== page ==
Removal of troops means a removal of hope

April 27, 2004, midnight | By Kedamai Fisseha | 20 years, 1 month ago

Spain's action is inconsistent and detrimental

At the beginning of the war in Iraq, a select number of countries deployed troops and undertook a strong commitment. As one of those countries, Spain is neglecting its obligation, acting irresponsibly and detrimentally to the Iraq effort.

Spain's removal of troops from Iraq is due largely to the shift in public opinion in Spain, instigated by recent terrorist attacks in the country. Soon after the attack on commuter trains in Madrid on March 11, which claimed 190 lives, the Spanish government underwent a switch from a conservative majority to a socialist one. The conversion is understandable and, most likely, inevitable. But in any switch of administration, the new government must be careful when changing the policies of its predecessor. If it isn't, then it runs the risk of worsening the problems being addressed by those old policies.

Iraq is currently very vulnerable. As a result of the war, the Iraqis are very much stuck in the middle of an unsteady transition. Lacking leadership in any form, Iraq is unarguably in its most defenseless stage.

The need for a military presence in Iraq is spurred by the same reason that led to a decrease of support for the old government in Spain: terrorist resistance. Obviously, the resistance forces in Iraq hate the new Iraqi government as much as they do the U.S., maybe more. This being so, the sole purpose of countries like Spain is to protect the new government. Without help, Iraq will soon return to the same condition it was in before the war.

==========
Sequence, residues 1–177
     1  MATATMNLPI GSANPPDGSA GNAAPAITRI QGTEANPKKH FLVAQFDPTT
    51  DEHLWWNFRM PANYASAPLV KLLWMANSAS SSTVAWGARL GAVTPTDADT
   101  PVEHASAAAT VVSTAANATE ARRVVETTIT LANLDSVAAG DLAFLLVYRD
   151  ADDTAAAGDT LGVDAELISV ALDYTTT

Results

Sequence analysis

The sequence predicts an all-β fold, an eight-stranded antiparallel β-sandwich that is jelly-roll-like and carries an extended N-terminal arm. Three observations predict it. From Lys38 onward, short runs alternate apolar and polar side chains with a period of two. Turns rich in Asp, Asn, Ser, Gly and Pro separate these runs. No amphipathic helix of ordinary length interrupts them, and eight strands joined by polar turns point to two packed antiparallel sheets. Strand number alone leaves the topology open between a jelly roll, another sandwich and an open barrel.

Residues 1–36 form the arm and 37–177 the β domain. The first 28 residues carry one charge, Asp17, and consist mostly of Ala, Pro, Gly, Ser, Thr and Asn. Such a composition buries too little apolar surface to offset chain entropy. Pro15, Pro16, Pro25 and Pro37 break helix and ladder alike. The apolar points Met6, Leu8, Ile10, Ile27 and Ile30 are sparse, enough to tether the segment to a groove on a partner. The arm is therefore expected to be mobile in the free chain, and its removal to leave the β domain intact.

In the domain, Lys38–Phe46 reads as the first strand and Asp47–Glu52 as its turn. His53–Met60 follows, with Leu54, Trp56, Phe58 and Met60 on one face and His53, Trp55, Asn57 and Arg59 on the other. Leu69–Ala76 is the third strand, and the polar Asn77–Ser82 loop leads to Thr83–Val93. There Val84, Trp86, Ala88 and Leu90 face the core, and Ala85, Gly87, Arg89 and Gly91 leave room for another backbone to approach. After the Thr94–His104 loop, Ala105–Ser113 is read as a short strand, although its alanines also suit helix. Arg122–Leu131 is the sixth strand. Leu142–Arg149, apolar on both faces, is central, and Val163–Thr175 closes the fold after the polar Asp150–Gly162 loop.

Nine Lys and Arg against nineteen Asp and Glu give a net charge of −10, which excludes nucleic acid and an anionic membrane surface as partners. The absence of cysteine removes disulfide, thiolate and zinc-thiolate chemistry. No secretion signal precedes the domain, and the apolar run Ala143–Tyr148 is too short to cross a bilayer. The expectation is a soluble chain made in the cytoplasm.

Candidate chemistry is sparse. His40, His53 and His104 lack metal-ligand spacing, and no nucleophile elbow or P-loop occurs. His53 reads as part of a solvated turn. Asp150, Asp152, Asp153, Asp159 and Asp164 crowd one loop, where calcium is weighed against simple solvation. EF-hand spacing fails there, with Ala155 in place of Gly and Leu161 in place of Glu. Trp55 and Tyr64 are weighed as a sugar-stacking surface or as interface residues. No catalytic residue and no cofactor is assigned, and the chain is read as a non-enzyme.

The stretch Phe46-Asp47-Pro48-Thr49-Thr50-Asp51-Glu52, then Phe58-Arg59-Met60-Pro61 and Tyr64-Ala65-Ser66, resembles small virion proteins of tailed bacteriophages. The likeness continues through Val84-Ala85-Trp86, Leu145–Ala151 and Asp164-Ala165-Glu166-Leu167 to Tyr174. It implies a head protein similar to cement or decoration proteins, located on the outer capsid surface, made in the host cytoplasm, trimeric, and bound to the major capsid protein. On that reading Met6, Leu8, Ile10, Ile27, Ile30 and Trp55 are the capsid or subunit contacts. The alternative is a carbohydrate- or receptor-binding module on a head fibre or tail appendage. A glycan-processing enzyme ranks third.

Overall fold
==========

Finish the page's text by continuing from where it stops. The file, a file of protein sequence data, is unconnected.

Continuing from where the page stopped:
As an argument against Spain's withdrawal, one has to look no further than Honduras, where longtime U.S. involvement was abruptly cut off in the early 1990s. No longer considering Honduras to be a significant political interest, the U.S. nullified its military influence in Honduras and, in doing so, greatly destabilized the country. The current situation in Honduras is one of political and economic instability and forewarns perfectly of what will happen in Iraq if troops are similarly removed.

Spain's decision to remove troops is a clear and disturbing indication of their reluctance to properly conclude a task that they willingly undertook. An abandonment of responsibility is never an option. Spain has to recognize that their commitments are not superficial and that the best way to solve the problem of Iraq is not to desert it.

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Kedamai Fisseha. Kedamai Fisseha sorely misses the computer lab where Silver Chips was born and is daily reborn. He is currently living and writing from London, England where he is glad for the chance to continue his participation in the organization. More »

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